Serena Williams Pens Powerful Essay on Her Life-Threatening Childbirth Experience

Serena Williams shows off new wedding ring
Getty Images

The new mom also urged others to help mothers around the world who don't have the same hospital access that many in the U.S. have.

Serena Williams says she feared for her life following the birth of her daughter, Alexis Olympia.

The 36-year-old tennis pro welcomed her and her husband, Alexis Ohanian's, first child together on Sept. 1. What was supposed to be a joyous occasion turned into a near-death experience when her little girl was born by emergency C-section after her heart rate dropped dramatically during contractions. In a new essay, shared on CNN on Tuesday, Williams opens up about the "six days of uncertainty" after giving birth.

"I almost died after giving birth to my daughter, Olympia," Williams begins her emotional post. "Yet I consider myself fortunate."

The athlete continues by describing how it all began with a pulmonary embolism, "which is a condition in which one or more arteries in the lungs becomes blocked by a blood clot," that sparked a slew of health complications.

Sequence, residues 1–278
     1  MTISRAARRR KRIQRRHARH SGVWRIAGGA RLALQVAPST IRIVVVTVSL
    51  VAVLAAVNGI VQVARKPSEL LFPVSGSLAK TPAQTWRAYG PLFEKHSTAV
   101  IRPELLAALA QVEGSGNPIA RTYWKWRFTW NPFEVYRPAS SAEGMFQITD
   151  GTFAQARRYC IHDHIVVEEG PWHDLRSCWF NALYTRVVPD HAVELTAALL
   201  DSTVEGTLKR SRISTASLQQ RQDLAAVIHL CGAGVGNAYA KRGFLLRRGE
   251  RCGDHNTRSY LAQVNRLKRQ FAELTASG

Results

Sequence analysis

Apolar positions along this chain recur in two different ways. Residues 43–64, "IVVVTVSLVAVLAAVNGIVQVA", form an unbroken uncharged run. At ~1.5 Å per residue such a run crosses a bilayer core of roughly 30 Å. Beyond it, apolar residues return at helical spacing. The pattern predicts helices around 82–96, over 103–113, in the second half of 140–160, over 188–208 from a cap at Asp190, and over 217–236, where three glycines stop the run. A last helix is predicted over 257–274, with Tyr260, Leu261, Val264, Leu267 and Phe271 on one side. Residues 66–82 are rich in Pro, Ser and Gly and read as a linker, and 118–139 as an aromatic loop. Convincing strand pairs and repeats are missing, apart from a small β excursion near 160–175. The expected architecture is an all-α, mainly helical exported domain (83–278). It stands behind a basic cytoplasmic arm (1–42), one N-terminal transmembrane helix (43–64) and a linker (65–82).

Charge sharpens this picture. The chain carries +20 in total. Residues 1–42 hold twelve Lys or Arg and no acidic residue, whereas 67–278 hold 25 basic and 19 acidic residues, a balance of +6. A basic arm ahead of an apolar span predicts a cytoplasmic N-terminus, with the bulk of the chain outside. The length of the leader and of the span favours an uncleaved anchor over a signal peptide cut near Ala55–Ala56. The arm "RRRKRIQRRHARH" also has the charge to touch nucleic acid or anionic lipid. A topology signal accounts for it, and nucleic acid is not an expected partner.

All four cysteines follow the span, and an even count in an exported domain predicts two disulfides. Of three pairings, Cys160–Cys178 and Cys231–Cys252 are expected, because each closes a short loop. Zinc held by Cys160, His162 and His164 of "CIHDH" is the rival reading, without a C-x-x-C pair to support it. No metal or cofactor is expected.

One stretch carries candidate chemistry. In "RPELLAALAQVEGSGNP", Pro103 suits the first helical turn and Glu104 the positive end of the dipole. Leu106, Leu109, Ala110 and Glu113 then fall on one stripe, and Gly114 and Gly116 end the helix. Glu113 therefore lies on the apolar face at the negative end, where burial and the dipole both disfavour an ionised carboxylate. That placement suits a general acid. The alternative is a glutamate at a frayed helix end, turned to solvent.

"I returned to surgery, where the doctors found a large hematoma, a swelling of clotted blood, in my abdomen," she describes. "And then I returned to the operating room for a procedure that prevents clots from traveling to my lungs. When I finally made it home to my family, I had to spend the first six weeks of motherhood in bed."

Thanking the medical team for their service, Williams explains how many women in the U.S. and around the world suffer from complications during childbirth.

"Around the world, thousands of women struggle to give birth in the poorest countries. When they have complications like mine, there are often no drugs, health facilities or doctors to save them," Williams expresses. "If they don't want to give birth at home, they have to travel great distances at the height of pregnancy. Before they even bring a new life into this world, the cards are already stacked against them."

She also recalled one woman's story, Mary James in Malawai, shared by UNICEF, who gave birth but lost her child the day after "because there weren't enough doctors or nurses to save him." She also urges people to take action to prevent these unfortunate incidents from happening.

"You can demand governments, businesses and health care providers do more to save these precious lives," Williams passionately writes. "You can donate to UNICEF and other organizations around the world working to make a difference for mothers and babies in need. In doing so, you become part of this narrative -- making sure that one day, who you are or where you are from does not decide whether your baby gets to live or to die."

This isn't the first time that Williams has opened up about her difficult journey after giving birth. She last opened up about her experience in the February issue of Vogue.

Watch below to hear more of her story.